FAA’s furlough suspension to end cuts chaos – but how long for?

Being forced to take time off work doesn’t sound all that bad on the face of it. Compulsory holiday? Don’t mind if I do! Can you throw in a free drink and a pool party? However, the picture changes somewhat if the obligatory leave is unpaid – and also an indicator of national infrastructural meltdown.

So it’s probably for the best that over the weekend the FAA announced the suspension of employee furloughs which were imposed as part of the US Government’s $85bn sequester, and the resumption of normal air traffic operations by Sunday evening (April 28, 2013). The FAA had previously attributed 1,025 flight delays in a single day to mandatory staffing reductions.

The FAA’s two-line announcement prompted much comment among America’s aviation associations. Airlines for America (A4A) hailed the ‘Reducing Flight Delays Act’ as a “bipartisan, common-sense approach to restore efficiency to our nation's skies”, while the Regional Airline Association (RAA) plumped for an Oscars-worthy acknowledgment praising everyone from passengers to Congress, air traffic controllers and the RAA’s 50,000-plus airline employees.

The Airports Council International – North America (ACI-NA), however, described the furlough suspension as “bittersweet”. Chairman of the board David Edwards expressed relief at the avoidance of a “devastating negative economic effect” on the nation – but also complained that the solution involves draining funds from the Airport Improvement Program (AIP).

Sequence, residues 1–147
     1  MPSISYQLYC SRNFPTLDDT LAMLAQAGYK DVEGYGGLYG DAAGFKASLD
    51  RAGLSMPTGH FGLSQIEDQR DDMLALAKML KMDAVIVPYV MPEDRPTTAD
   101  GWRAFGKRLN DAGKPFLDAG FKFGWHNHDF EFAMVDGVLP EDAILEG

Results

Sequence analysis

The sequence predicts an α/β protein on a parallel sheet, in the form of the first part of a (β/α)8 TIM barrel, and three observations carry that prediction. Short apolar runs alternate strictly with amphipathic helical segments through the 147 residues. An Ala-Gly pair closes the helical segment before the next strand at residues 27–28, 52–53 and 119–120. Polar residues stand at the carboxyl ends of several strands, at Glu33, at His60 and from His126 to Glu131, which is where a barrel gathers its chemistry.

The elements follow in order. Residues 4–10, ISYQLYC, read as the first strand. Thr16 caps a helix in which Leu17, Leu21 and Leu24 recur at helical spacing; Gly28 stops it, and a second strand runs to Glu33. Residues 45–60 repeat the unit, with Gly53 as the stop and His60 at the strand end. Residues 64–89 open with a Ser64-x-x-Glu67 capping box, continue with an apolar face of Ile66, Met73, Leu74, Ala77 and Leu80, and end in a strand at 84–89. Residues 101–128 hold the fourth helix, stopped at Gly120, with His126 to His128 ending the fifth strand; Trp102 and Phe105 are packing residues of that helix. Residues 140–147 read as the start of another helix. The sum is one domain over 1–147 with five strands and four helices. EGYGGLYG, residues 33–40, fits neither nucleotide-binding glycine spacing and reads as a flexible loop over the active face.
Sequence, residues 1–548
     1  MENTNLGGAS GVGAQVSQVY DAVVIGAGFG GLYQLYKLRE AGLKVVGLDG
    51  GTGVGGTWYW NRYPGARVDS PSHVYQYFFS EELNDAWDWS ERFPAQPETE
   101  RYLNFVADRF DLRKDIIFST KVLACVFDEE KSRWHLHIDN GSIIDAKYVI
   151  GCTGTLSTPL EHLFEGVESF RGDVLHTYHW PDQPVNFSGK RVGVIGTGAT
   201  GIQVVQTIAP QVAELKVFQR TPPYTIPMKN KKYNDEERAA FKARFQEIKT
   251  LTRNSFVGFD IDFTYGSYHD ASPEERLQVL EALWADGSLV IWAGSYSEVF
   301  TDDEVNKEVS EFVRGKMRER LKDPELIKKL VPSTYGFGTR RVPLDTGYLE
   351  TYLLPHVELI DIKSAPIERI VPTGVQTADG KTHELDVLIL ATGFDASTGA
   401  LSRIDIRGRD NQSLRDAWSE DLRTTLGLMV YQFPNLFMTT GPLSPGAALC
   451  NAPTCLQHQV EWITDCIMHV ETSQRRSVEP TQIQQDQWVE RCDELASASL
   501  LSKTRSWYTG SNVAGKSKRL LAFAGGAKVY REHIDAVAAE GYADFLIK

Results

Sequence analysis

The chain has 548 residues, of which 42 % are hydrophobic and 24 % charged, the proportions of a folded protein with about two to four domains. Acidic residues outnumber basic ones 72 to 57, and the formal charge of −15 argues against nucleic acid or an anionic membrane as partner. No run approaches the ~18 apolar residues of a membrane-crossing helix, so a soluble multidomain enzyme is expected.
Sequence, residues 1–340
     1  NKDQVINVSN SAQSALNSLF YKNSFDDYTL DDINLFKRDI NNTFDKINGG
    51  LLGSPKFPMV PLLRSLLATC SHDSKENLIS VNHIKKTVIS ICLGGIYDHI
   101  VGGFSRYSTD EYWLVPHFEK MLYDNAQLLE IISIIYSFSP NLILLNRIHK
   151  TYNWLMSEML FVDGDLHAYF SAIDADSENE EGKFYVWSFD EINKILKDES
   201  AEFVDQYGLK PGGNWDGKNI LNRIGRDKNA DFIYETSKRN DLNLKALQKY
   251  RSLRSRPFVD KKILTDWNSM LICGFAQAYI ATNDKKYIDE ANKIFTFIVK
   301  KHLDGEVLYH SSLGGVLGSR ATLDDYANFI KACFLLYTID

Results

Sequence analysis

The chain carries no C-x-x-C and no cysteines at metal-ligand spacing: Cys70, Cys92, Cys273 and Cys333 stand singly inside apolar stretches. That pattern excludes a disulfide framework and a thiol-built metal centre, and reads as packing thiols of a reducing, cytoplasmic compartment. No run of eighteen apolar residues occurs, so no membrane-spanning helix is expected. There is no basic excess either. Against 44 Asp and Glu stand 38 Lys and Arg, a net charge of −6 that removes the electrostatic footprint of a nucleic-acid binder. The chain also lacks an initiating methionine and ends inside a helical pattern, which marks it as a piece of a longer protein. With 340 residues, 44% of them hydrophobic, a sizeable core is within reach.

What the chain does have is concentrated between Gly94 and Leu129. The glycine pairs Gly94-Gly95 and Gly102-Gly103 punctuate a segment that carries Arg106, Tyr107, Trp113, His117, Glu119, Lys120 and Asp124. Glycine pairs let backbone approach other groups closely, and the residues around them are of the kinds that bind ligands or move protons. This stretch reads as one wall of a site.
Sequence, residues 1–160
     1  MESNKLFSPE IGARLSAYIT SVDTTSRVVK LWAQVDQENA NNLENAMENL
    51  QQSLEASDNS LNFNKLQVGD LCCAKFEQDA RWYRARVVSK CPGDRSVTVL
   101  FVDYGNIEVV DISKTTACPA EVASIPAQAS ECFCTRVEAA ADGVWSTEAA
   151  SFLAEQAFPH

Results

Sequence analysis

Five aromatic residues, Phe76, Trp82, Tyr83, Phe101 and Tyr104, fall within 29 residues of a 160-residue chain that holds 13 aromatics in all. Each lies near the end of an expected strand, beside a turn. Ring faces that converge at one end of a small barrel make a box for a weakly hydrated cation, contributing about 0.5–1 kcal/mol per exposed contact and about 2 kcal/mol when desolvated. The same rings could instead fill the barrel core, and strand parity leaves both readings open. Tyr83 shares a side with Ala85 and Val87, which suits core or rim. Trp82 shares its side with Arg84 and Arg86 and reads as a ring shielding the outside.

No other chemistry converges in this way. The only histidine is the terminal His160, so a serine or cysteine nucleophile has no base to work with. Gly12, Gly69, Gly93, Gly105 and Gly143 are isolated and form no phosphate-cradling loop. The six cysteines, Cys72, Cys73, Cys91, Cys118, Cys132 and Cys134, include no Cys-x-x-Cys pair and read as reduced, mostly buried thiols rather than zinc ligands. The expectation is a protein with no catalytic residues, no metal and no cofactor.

Politically, too, the row continues. White House press secretary Jay Carney called the Act “no more than a temporary Band-Aid that fails to address the overarching threat to our economy posed by the sequester’s mindless, across-the-board cuts”. For their part, Republicans and some airline chiefs have insinuated that the furloughs were actually a cunning strategy by the FAA to deflect the knife of State which is slicing and dicing national institutions across the board.

For now, passengers and airlines are breathing a sigh of relief at the restoration of “business as usual” at airports around the country, but with this kind of maelstrom as a backdrop one wonders how long it will last.


(On a side note, a typo is reportedly preventing President Obama from signing the Act into law.)

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